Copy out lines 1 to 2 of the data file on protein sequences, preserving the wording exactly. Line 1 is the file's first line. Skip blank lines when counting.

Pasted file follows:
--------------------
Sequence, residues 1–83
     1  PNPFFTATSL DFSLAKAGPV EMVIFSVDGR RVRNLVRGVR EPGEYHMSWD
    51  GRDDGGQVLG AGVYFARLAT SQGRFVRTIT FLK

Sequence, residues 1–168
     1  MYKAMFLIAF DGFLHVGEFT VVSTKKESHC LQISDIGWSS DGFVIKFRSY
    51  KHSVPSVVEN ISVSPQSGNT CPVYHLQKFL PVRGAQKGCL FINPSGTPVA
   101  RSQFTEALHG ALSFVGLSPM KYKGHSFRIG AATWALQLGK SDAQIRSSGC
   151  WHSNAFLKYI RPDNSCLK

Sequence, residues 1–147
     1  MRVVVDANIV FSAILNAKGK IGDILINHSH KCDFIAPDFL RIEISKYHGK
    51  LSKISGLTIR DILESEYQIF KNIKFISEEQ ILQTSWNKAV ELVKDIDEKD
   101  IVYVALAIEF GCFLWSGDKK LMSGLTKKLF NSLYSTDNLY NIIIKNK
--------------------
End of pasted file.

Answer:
Sequence, residues 1–83
     1  PNPFFTATSL DFSLAKAGPV EMVIFSVDGR RVRNLVRGVR EPGEYHMSWD